Indigenous man dies while paramedics reportedly stayed 'away'

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Indigenous dies while paramedics reportedly stood “aside”

North West EMS Paramedic Behavior are under review by the Kenora District Service Board.

A social services agency in Kenora, Ontario is investigating after allegations that paramedics stayed away from a First Nation reserve in Ontario during a medical emergency, which turned out to be fatal, took place inside.

Onigaming Ojibway leader Jeff Copenace tells CBC/Radio-Canada that the 30-year-old man is dead after being in medical distress at a First Nation home, located approximately 450 km west of Thunder Bay. CBC/Radio-Canada has agreed not to name him, in accordance with his family's wishes.

According to him, the man's family called 911 Thursday morning as they and several First Nation staff attempted to revive him through chest compressions; the dispatched paramedics remaining in their vehicle on the outskirts of the reservation.

An Ojibway staff member reportedly told the Chief that the paramedics refused to enter the community without an escort police.

They just sat on the sidelines, says Chief Copenace.

“It's only when I I started driving on the freeway, and they [the paramedics] saw a few cars coming, they started going to the scene. I followed them and when I got to the scene the ambulance driver jumped out of his vehicle and I said, “Why were you waiting? What were you doing? He is dying." »

— Jeff Copenace, Chief of the Ojibwe First Nation of Onigaming

The paramedic said, “I've already been dispatched here and we are not not supposed to come in,” recalls Chief Copenace, who was told by the intervenor that they had been attacked at this house before and were awaiting police protection.

After the exchange between Mr. Copenace and the paramedic, an elder took the chief aside to calm him down. Meanwhile, the 30-year-old's uncle and other members of the community shouted for paramedics to come and help as his condition had deteriorated.

Chief Copenace believes this streak lasted about 20 minutes, from the time he was first informed that something was wrong until ;to the death of man.

“I'm sure if it had been a young white man they would have tried to save his life. And because he was First Nations, he was brown, and he was from Onigaming, they decided to let him die, despite our community's best efforts to save the day. life of this young boy.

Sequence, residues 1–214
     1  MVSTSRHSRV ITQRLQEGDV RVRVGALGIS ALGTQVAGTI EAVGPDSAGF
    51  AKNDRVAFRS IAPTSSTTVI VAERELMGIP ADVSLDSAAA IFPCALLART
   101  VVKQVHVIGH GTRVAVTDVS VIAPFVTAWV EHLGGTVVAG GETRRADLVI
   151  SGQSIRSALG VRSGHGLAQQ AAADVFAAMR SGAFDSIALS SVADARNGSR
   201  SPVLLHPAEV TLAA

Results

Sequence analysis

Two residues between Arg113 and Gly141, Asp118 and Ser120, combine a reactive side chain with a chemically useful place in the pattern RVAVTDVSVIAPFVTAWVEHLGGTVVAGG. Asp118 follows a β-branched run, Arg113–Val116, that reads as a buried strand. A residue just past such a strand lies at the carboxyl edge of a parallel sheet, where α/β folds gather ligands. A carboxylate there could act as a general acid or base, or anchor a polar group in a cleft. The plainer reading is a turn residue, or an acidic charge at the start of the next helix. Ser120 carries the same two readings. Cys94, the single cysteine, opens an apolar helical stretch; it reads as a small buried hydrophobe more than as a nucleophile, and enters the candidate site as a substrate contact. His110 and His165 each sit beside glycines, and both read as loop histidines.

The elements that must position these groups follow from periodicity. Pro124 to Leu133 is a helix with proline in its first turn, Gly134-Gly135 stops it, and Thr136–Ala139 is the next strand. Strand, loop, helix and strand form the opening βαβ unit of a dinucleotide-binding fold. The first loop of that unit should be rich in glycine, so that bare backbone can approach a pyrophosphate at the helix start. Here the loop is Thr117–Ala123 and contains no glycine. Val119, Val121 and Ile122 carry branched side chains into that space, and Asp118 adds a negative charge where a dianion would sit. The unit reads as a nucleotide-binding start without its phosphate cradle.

— Chief Jeff Copenace, Onigaming Ojibway First Nation

I saw this happen in real time in front of me, he says.

CBC/Radio-Canada has not independently verified the details of the incident, but Chief Copenace shared a photo that appears to show the ambulance parked on the side of the road, although it's unclear how long it had been parked there.

A spokesperson for the Kenora District Services Board (KDSB) confirmed in an email that it was staff from North West EMS – which are operated by the KDSB – who took the call of the First Nation, and that KDSB staff are currently conducting a full review of the incident and gathering all information regarding this appeal.

In a tweet Thursday after- midday, Canadian Crown-Indigenous Relations Minister Marc Miller says he spoke briefly with Chief Copenace and calls the incident unacceptable.

“The young man's family and the people of Onigaming deserve straight answers”

—Marc Miller, Minister of Crown-Indigenous Relations

Minister of Community Services Indigenous, Patty Hajdu, also noted on Twitter that she spoke with Jeff Copenace.

Not being able to access emergency care is unacceptable, she said there. We agreed that federal, provincial and community leaders need to work together to understand how this happened and ensure Onigaming residents can get the care they need when they need it. need.

The First Nation of about 800 registered members has gone through a lot of drama recently and remains in a permanent state of emergency, continues Chief Copenace.

We have had three deaths in the past few weeks. It's the fourth. It just doesn't end, and honestly, it feels like governments, the health care system, and the police don't care. This is how we feel, he regrets.

This is not the first time that Mr. Copenace and other indigenous peoples of Treaty 3 expressed concern about the quality of care provided by military doctors working in Kenora. The Ojibwe chief notably addressed this issue in his speech at the Assembly of First Nations meeting this summer.

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